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MUMBAI : The markets regulator has found prima facie evidence that Invesco Asset Management India Pvt. Ltd has executed trades on behalf of offshore funds, violating norms governing mutual funds in India, two people with direct knowledge of the matter said.

Securities and Exchange Board of India (Sebi) norms bar mutual funds from doing business with offshore funds other than offering advisory services. Further, the domestic and offshore businesses need to maintain separate accounts, personnel and operations, the rules state.

“In the case of Invesco, the domestic mutual fund team executed trades on behalf of offshore funds (focusing on Indian debt). This violates Sebi mutual fund regulations 24 (B)," one of the two people cited above said seeking anonymity.

“This is where the Chinese wall was breached in terms of execution of trades. At all times, the operations of a portfolio management service (PMS) and the domestic mutual fund have to be kept separate. The violation has been corroborated by an independent investigation commissioned by the fund house, too," the second person said, also requesting anonymity.

Email queries sent to a spokesperson for Invesco in India on Monday and subsequent reminders on Tuesday did not elicit a response. Email queries sent to a Sebi spokesperson also remained unanswered.

Asset managers run their offshore funds under the PMS.

The lapses first surfaced when a whistleblower alleged mismanagement of fixed income schemes by Invesco Asset Management India between 2018 and 2019. The complainant alleged the fixed income team of Invesco MF identified certain debt papers, such as Dewan Housing Finance Ltd, that were to come under stress after the default by infrastructure financier IL&FS. The team then went on to transfer the exposure to their offshore funds.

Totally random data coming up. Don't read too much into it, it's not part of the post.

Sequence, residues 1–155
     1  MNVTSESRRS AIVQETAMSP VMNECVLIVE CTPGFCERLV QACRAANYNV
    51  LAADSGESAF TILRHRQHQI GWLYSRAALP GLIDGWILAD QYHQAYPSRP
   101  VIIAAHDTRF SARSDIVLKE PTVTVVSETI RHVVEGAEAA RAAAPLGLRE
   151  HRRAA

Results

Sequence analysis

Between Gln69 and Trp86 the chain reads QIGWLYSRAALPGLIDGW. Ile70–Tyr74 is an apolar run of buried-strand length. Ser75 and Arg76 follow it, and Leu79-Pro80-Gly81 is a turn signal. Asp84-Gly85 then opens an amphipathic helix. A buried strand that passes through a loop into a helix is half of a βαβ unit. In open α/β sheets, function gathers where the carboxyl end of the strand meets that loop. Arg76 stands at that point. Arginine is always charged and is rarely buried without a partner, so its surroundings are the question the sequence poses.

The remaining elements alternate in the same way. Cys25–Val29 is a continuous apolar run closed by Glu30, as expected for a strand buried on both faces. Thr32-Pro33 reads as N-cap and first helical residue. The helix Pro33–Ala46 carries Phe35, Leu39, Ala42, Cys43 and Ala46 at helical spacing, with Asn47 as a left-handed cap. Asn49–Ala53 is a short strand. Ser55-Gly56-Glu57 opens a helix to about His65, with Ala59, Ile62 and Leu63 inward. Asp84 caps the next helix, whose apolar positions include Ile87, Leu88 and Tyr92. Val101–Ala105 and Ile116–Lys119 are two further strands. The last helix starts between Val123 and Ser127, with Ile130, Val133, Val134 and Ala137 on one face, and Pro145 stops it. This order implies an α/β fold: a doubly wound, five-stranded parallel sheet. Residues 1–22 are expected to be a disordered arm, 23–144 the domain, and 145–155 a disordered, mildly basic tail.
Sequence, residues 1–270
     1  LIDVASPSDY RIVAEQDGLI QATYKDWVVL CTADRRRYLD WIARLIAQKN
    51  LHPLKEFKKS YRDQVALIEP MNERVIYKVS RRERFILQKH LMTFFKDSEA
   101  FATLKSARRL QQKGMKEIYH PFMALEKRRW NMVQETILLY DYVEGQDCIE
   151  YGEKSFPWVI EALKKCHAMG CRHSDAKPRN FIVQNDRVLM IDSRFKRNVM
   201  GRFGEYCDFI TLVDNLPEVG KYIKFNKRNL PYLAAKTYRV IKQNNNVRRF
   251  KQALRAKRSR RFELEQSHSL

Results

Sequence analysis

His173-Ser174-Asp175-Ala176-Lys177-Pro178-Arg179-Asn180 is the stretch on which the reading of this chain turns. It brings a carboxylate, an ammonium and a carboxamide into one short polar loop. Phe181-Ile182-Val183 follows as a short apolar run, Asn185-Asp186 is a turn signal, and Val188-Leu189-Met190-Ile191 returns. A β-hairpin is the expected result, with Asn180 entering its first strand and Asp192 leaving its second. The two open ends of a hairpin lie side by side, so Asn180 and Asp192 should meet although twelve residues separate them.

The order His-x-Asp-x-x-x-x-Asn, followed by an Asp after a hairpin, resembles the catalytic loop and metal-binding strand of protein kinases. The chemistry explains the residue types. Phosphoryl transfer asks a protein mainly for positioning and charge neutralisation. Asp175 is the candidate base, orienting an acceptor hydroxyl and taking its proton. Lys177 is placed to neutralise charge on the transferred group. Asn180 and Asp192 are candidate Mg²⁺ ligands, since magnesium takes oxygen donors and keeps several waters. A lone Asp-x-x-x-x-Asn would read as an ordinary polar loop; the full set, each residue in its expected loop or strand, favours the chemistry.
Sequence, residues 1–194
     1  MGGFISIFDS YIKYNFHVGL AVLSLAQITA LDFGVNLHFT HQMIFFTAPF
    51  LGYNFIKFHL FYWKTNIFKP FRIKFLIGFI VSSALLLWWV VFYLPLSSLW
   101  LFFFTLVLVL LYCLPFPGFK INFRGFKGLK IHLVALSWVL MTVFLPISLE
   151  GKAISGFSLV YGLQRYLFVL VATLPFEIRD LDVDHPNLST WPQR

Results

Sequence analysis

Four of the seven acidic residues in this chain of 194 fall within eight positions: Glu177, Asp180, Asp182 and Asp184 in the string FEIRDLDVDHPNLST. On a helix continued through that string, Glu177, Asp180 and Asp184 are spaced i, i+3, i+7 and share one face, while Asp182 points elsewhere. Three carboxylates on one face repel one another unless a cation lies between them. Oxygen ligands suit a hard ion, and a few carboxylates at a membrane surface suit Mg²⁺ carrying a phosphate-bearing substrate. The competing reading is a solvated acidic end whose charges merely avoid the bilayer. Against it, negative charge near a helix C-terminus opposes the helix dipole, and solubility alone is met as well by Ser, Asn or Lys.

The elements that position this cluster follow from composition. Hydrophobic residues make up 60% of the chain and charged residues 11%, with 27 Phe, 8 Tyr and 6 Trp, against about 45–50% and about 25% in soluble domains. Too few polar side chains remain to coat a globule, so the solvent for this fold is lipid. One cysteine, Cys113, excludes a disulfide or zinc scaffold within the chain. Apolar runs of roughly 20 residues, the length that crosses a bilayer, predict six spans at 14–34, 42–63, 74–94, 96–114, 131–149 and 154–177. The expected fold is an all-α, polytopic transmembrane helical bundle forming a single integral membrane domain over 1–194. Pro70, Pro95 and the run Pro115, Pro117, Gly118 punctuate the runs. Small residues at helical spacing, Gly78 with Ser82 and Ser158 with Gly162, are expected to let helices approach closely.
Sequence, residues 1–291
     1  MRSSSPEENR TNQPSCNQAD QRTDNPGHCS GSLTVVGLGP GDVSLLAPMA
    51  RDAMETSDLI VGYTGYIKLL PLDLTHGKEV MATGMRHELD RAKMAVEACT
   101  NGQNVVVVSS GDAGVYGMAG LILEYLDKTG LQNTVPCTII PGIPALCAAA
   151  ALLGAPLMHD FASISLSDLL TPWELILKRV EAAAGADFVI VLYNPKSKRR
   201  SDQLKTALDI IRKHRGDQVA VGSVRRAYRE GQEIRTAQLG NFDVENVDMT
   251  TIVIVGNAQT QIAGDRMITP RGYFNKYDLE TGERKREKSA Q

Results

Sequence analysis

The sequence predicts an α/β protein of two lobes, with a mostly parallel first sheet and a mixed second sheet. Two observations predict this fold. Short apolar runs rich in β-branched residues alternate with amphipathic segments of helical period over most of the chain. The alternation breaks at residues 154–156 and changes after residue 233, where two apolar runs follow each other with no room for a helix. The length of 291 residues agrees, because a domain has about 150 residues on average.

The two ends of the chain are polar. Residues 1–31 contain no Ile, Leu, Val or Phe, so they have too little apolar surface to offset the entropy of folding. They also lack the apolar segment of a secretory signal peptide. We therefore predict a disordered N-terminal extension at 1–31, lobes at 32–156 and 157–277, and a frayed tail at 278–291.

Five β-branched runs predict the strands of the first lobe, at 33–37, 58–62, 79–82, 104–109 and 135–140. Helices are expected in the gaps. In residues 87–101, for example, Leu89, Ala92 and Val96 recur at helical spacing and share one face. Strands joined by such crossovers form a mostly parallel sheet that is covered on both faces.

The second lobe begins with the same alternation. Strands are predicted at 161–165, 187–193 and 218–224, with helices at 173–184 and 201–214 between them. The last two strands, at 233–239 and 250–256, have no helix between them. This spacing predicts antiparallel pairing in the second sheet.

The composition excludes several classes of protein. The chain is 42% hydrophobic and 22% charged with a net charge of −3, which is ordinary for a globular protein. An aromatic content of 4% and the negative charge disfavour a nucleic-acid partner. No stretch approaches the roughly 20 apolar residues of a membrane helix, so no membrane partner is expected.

“The total value of such transactions is upwards of 200 crore," said the first person.

Transferring securities from one scheme to another is called inter-scheme transfer, a fairly routine practice till 2020. However, the regulator barred such transactions starting January 2021 because such transactions merely shifted the risk from one fund to another without investors’ knowledge.

“The whistleblower filed the complaint with Invesco management, its US-parent, Sebi, US Securities Exchange Commission (SEC) and Securities and Futures Commission (SFC, Hong Kong’s markets regulator) in July 2021. Following this, Sebi initiated an examination of the minutes of investment committee meetings of data related to its debt schemes from 2017 to 2020. Separately, Invesco initiated an independent probe to look into the allegations," said the second person.

“Even SFC has sent queries to Invesco," this person added.

Both Invesco’s independent probe and Sebi concluded that mutual fund norms were breached in failing to keep the operations of domestic and PMS separate, the first person said.

“Sebi is likely to send notice to the fund for failing in its fiduciary role and breaching norms," this person added.

In its defence, Invesco has argued that there hasn’t been any loss to investors and violations of the separation of PMS and domestic operations are fairly widespread in the industry.

“Invesco’s PMS operations manage more than 9,000 crore. So a 200 crore exposure is not much. Further, no harm has come to domestic investors," said a person aware of Invesco’s thinking. In an earlier statement, Invesco said it seeks to maintain excellent relations with regulators and cooperate with regulatory inquiries, including examinations or investigations.

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